- Bald of Evil: Since he can't remember what he used to look like, his "true form"'s head is bare.
- Becoming the Mask: He's shape shifted into so many people he's forgotten his real identity.
- Body Double: For Thawne. It ends up getting Bates killed.
- Chekhov's Gunman: His name is included in Oliver Queen's hit-list.
- Curbstomp Battle: Everyman was the first time Barry really went to town on someone who wasn't a good guy. At first Hannibal landed some good ones by distracting Barry with some morphing into his friends. But eventually Everyman's taunting pissed Barry off and he found out that a low-end shapeshifter can't compare to a high-end speedster in a fistfight.
- Early-Bird Cameo: His name is seen on Oliver's List in season 1.
- Eyeless Face: His attempt to take on his original appearance results in one, as he can't remember it anymore.
- Facial Horror: The result of his forgetting his original appearance is not pretty.
- Frame-Up: His criminal M.O., by taking on the appearance of someone else to get through security and subsequently committing thefts.
- Minored in Ass-Kicking: For a guy whose schtick is changing faces, he's a really good fighter. He was able to escape Thawne, an accomplished boxer by kicking his ass. He also put up a decent fight against the Flash until Barry started using his superspeed.
- Noodle Incident: How Hannibal earned a place in Robert Queen's list is never elaborated on, and neither is how he ended up in Central City during the events of the Pilot.
- Power Copying: Averted. At first Team Flash were afraid he could do this as a side-effect of his shape-changing and so they recommended that Barry not go melee on him, handicapping Barry for the investigation in the process. Once they get some genetic material from Everyman, they find out that he can't copy Barry's power so it's okay for Barry to go for a dust-up.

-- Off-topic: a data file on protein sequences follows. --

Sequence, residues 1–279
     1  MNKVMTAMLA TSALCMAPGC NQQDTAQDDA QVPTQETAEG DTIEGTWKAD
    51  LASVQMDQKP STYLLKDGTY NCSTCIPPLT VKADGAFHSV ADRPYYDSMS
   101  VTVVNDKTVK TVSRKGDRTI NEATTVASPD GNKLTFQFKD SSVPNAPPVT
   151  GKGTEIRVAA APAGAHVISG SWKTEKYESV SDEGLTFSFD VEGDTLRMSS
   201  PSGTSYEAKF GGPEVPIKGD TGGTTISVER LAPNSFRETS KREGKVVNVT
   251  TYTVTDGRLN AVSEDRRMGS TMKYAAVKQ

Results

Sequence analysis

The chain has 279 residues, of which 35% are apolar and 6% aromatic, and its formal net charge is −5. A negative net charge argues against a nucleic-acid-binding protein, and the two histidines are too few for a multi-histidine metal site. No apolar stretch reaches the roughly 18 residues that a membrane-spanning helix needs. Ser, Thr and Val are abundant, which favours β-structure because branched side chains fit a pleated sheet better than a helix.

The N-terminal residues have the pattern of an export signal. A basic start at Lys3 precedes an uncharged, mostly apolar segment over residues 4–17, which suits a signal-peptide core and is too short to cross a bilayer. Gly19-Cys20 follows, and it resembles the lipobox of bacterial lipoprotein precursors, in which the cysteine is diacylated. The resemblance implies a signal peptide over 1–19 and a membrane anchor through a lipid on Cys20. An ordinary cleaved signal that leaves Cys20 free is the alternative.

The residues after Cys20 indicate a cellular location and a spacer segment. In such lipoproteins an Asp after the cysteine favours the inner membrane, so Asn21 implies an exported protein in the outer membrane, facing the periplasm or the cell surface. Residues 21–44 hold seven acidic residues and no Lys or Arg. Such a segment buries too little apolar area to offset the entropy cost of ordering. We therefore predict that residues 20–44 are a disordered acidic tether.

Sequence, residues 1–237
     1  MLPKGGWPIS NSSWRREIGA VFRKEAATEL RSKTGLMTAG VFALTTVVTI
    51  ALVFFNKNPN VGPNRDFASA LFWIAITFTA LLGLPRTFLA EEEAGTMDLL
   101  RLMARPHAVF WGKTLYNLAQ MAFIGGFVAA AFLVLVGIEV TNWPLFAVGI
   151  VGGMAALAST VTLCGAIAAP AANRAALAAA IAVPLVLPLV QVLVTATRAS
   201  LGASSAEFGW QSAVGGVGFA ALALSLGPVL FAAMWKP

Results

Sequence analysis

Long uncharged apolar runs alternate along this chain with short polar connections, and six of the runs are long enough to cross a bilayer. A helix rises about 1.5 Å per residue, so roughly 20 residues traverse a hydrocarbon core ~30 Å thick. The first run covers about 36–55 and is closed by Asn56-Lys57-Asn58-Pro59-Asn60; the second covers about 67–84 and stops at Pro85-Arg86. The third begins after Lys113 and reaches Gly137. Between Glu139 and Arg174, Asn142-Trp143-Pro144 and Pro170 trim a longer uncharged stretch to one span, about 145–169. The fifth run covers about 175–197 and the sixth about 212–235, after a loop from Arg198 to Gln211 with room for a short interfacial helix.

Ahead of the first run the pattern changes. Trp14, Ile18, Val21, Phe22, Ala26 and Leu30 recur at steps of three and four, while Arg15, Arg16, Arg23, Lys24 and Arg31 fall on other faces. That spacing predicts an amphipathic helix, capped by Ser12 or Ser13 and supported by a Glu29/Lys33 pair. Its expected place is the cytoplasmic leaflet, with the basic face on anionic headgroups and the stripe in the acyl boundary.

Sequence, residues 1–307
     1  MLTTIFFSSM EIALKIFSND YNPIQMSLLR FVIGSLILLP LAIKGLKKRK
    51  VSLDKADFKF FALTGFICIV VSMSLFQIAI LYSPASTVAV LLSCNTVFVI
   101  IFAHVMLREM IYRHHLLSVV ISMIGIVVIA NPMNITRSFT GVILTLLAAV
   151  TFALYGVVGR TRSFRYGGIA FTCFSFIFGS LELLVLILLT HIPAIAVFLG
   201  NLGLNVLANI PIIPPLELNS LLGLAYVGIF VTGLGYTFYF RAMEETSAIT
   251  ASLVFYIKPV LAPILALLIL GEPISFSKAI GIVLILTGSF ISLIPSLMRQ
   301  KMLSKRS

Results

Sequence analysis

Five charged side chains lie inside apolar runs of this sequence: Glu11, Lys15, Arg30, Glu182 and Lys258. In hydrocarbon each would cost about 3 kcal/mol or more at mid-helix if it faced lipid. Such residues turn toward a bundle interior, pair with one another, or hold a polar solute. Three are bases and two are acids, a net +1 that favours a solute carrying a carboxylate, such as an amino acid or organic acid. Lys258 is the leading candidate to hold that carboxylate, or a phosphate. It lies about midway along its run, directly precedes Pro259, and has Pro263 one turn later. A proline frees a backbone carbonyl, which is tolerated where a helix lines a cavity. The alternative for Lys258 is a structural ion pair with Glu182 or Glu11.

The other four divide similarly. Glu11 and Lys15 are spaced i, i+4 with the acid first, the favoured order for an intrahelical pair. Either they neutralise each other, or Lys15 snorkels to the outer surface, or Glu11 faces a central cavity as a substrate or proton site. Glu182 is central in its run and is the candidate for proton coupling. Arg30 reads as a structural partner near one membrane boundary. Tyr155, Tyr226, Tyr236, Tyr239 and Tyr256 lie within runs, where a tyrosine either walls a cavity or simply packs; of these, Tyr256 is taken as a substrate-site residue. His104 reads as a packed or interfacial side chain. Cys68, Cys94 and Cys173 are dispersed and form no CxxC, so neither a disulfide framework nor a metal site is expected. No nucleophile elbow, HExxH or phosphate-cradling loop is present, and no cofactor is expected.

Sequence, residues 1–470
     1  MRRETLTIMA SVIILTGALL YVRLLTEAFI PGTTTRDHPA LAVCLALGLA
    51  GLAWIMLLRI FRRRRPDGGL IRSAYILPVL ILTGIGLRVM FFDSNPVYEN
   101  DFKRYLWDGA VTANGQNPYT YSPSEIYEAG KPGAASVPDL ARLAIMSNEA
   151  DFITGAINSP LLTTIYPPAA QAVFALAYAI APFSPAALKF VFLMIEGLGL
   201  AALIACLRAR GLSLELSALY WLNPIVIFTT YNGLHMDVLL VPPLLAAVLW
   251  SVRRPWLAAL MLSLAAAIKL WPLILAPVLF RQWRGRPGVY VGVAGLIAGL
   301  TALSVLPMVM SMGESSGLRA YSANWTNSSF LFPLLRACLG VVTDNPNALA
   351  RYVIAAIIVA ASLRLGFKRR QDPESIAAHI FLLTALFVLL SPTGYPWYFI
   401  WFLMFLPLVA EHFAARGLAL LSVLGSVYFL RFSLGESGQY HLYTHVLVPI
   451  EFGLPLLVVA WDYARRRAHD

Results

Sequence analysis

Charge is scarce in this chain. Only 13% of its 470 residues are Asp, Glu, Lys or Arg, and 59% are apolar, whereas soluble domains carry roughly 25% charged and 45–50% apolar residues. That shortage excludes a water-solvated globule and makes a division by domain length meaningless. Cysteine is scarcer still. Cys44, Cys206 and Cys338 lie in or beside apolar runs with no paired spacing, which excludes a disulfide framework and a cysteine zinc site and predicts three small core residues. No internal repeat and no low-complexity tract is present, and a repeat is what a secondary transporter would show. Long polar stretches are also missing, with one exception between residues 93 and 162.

- Rogues-Gallery Transplant:
- Played with In-Universe. His name can be seen in Oliver's hit-list during the pilot episode of Arrow, but Barry and his team are the ones who eventually fight him.
- Furthermore, Everyman has been an enemy to a lot of heroes, including Green Arrow and Black Canary, but has never been an enemy of the Flash.
- Sex Shifter: He can transform himself into a woman, a fact that he demonstrated in his debut episode.
- A Sinister Clue: His left-handedness was how Iris and Team Flash were able to tell he wasn't Barry, or that Eddie was framed for shooting two police officers.
- Shapeshifter Guilt Trip: He tries doing this to Barry in their fight. But by the time he takes the form of Eddie, the guy he framed for murder, Barry hits his Rage Breaking Point and punches him across the room.